When the compressed air comes out of the compressor, it is hot and contains moisture and contaminants. The aftercooler cools the compressed air, causing the moisture to condense into water droplets that can be removed by a moisture separator.

This helps to protect downstream equipment, such as air dryers and filters, from damage caused by moisture and contaminants.

How Does it Work?

The aftercooler works by transferring the heat from the compressed air to a cooling medium, such as water or air.

In a water-cooled aftercooler, the compressed air flows through a tube surrounded by a jacket through which water flows. The heat from the compressed air is transferred to the water, which is then discharged into a cooling tower or other type of heat exchanger.

In an air-cooled aftercooler, the compressed air flows through a series of finned tubes, and the heat is transferred to the surrounding air, which is then vented outside.

It’s important to note that the aftercooler requires proper maintenance to function effectively. Over time, the aftercooler can become clogged with dirt, dust, and other contaminants, which can impede the flow of air or water and reduce the cooling capacity.

Regular cleaning and maintenance of the aftercooler is essential to ensure that the compressor operates at peak performance and that downstream equipment is protected.

Oil Cooler

The oil cooler in a screw air compressor is responsible for cooling the lubricating oil that flows through the compressor. The lubricating oil is used to reduce friction between the moving parts of the compressor, and it also helps to remove heat from the compression process.

How Does it Work?

The oil cooler is usually located in the oil circuit, and it works by using air or water to cool the oil. The oil is pumped through a series of small tubes, and a cooling medium flows over the tubes, removing the heat from the oil.

In air-cooled oil coolers, the cooling medium is usually air, and a fan is used to blow the air over the tubes.

In water-cooled oil coolers, the cooling medium is water, and the oil flows through a series of tubes that are immersed in a tank of water.

The oil cooler in a screw air compressor is critical to the proper functioning of the compressor.

If the oil temperature is too high, it can cause damage to the compressor, and if it is too low, it can cause the lubricating oil to break down, leading to accelerated wear on the compressor’s moving parts.

When selecting an oil cooler for a screw air compressor, it is essential to consider factors such as the compressor’s size, the operating environment, and the type of lubricating oil used.

A well-designed oil cooler will help to ensure the long-term reliability and performance of the screw air compressor.

Separator Element

The separator is responsible for separating the compressed air from the lubricating oil in the compressed air system.

The lubricating oil is used to lubricate the compressor’s bearings and other moving parts, and it can contaminate the compressed air if not properly separated. This is where the separator element comes in.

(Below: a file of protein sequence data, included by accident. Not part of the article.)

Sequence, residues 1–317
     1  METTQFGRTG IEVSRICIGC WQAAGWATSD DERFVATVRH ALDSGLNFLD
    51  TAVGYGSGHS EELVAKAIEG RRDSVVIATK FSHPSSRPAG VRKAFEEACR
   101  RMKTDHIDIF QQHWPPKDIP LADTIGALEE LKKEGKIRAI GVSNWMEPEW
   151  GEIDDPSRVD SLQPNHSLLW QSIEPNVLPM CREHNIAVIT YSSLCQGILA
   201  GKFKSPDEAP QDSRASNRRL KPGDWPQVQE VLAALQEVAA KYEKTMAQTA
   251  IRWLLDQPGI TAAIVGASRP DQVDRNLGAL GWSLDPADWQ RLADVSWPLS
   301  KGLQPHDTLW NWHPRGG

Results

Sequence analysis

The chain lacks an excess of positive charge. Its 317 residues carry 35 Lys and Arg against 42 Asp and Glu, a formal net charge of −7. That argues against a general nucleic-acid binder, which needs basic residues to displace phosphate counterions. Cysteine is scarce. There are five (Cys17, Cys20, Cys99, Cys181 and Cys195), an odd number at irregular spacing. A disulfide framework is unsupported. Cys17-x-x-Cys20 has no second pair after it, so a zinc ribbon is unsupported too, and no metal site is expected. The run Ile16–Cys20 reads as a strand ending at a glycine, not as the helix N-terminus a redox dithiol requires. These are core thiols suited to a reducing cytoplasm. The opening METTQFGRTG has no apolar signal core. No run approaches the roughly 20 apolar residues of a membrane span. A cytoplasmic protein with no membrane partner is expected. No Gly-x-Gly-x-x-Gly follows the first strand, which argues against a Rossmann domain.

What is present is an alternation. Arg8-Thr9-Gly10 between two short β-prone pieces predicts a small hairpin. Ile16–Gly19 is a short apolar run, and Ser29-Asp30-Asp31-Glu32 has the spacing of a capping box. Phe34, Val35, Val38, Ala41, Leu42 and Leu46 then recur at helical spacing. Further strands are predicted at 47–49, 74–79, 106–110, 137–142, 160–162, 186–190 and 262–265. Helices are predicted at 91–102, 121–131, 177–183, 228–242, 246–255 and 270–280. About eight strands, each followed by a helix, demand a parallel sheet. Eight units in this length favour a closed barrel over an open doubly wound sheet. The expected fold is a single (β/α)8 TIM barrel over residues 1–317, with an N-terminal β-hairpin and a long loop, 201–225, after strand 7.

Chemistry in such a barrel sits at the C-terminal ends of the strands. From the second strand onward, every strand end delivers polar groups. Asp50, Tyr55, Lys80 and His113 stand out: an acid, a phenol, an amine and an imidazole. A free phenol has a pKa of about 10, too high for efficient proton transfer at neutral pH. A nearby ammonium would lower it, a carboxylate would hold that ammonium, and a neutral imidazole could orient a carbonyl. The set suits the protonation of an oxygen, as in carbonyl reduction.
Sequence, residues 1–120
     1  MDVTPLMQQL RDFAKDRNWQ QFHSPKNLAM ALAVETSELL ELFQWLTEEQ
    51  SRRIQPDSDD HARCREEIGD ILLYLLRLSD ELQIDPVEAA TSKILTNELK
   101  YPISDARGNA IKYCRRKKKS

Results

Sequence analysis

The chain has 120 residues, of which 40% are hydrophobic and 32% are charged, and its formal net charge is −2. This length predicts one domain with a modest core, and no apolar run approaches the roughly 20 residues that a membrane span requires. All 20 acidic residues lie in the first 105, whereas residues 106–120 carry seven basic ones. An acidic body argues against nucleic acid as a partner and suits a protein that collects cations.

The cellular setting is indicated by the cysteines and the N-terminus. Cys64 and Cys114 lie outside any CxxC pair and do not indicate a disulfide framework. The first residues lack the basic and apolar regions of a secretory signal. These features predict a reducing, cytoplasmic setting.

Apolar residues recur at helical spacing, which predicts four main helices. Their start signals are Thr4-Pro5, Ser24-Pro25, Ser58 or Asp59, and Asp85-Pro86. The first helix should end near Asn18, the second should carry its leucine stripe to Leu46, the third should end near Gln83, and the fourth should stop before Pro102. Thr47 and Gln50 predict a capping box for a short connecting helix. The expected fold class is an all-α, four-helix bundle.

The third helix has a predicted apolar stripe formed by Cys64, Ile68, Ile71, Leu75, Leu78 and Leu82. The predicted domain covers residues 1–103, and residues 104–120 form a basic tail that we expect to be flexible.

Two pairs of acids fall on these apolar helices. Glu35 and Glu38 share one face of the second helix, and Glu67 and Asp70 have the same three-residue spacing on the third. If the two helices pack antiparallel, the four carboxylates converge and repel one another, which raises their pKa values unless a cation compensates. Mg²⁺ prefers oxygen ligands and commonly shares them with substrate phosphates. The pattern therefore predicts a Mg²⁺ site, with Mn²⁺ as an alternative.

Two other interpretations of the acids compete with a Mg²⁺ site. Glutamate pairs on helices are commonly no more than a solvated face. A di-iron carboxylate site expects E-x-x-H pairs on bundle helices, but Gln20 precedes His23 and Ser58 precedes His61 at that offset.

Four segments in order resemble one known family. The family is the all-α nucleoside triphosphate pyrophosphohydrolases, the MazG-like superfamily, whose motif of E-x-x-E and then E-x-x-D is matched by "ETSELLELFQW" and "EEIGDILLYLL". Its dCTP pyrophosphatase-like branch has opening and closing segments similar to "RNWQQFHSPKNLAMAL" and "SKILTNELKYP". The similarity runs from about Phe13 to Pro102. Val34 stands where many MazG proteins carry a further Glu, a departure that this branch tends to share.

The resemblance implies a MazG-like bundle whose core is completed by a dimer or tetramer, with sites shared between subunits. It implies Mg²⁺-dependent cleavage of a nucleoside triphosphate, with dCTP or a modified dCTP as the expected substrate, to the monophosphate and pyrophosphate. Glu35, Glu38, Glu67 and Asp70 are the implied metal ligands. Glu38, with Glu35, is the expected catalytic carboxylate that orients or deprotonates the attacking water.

The separator element is a filter that removes the oil particles from the compressed air. It is typically made of a fibrous material that traps the oil droplets as they pass through.

How Does it Work?

The separator element works by creating a pressure drop across the filter element. As the compressed air flows through the filter, the oil droplets are trapped by the fibrous material, while the clean air passes through. The separated oil is collected at the bottom of the housing and drained from the system.

The size of the oil droplets that the separator element can remove depends on the element’s pore size. In general, a smaller pore size means better oil removal, but it also means a higher pressure drop across the element.

It typically consists of a housing, which contains the filter element, and a drain valve, which removes the separated oil.

The housing is usually made of aluminum or steel and is designed to withstand the high pressures and temperatures of the compressed air system.

The drain valve is typically located at the bottom of the housing and allows the separated oil to be drained from the system.

The filter element can become clogged with oil and other contaminants, leading to reduced oil separation and increased pressure drop across the element. This can result in decreased compressor performance and increased energy consumption.

So, regular replacement of the separator element is necessary to ensure that the compressor system remains efficient and effective.

Oil Filter

The oil filter is a crucial part of a screw air compressor that helps to maintain the quality of the compressor oil by removing any contaminants that may be present.

The filter is typically located within the oil system of the compressor and is responsible for removing impurities such as dust, debris, and metal particles that can cause damage to the compressor.

How Does it Work?

The oil filter works by allowing the oil to pass through a series of fine mesh screens, which trap any contaminants that may be present. As the oil flows through the filter, the contaminants are gradually removed, and the oil is returned to the compressor system in a purified state.

This process ensures that the oil is kept clean and free of impurities, which helps to maintain the efficiency and longevity of the compressor.